Have you heard? Sun Microsystems is open sourcing Java.
Scratch that. Truthfully, there were no champagne corks popped here at the InfoWorld offices following Sun's announcement. This is nothing more than the same equivocation we've heard again and again. The biggest question of all remains: When will it happen? And to that question there is still no answer.
So why does Sun keep dragging its feet? I suspect the answer could be in your pocket right now.
Green and others claim compatibility is the foremost concern, but I'm skeptical. If Java were fully open sourced, competing Java environments could break cross-platform compatibility and lock users into a single vendor's implementation. That's exactly what Sun alleges Microsoft tried to do back in the 1990s, which became the subject of a bitter lawsuit.
But wait a minute. If a programmer writes Java code that accesses Mac OS X's Cocoa APIs, that software won't run on any other system but a Mac. Similarly, although the Eclipse project's SWT (Standard Widget Toolkit) GUI toolkit is cross-platform, it is optimized best for Windows. The truth is that developers often write Java code that's never meant to be cross-platform. To a certain extent, the compatibility argument is something of a red herring.
Meanwhile, every time Sun invites InfoWorld staffers to hear about the bright future of Sun's software business, company execs always seem to spend a lot of time talking about the cool new games that run on Java cell phones. This leaves us scratching our heads somewhat -- we deal in enterprise IT, not consumer gadgets. But it's clear that this topic is very close to Sun's heart.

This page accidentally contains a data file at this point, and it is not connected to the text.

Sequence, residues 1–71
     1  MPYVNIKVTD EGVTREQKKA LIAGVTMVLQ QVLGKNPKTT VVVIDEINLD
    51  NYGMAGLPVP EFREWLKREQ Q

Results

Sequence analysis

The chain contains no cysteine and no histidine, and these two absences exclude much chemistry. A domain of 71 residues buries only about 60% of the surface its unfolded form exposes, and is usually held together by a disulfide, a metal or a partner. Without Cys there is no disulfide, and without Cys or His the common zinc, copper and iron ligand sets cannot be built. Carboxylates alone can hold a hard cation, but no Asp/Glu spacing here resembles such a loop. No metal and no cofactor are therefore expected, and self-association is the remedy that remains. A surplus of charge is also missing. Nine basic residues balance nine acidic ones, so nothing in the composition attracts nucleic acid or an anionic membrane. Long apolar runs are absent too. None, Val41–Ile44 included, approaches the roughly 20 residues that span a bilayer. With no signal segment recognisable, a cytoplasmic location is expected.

And why not? While you and I can download Java for free for our Macs, PCs, and Linux boxes, mobile device manufacturers pay a license fee to Sun Microsystems for every Java-enabled handset they ship. For Sun it is (of all the unheard-of things) a revenue stream.
Now imagine what would happen if Java were truly open source. What if Motorola, Nokia, Sony-Ericsson, and all the rest were free to create their own custom versions of Java that ran on their mobile handsets and other hardware?
Something tells me that the kind of "compatibility" Sun wants to preserve in the Java community is the kind that keeps all those mobile device licensees compatible with Sun's bottom line -- not to mention all its other licensees, such as BEA and IBM. The full scope of the fees Sun receives from these has never been disclosed.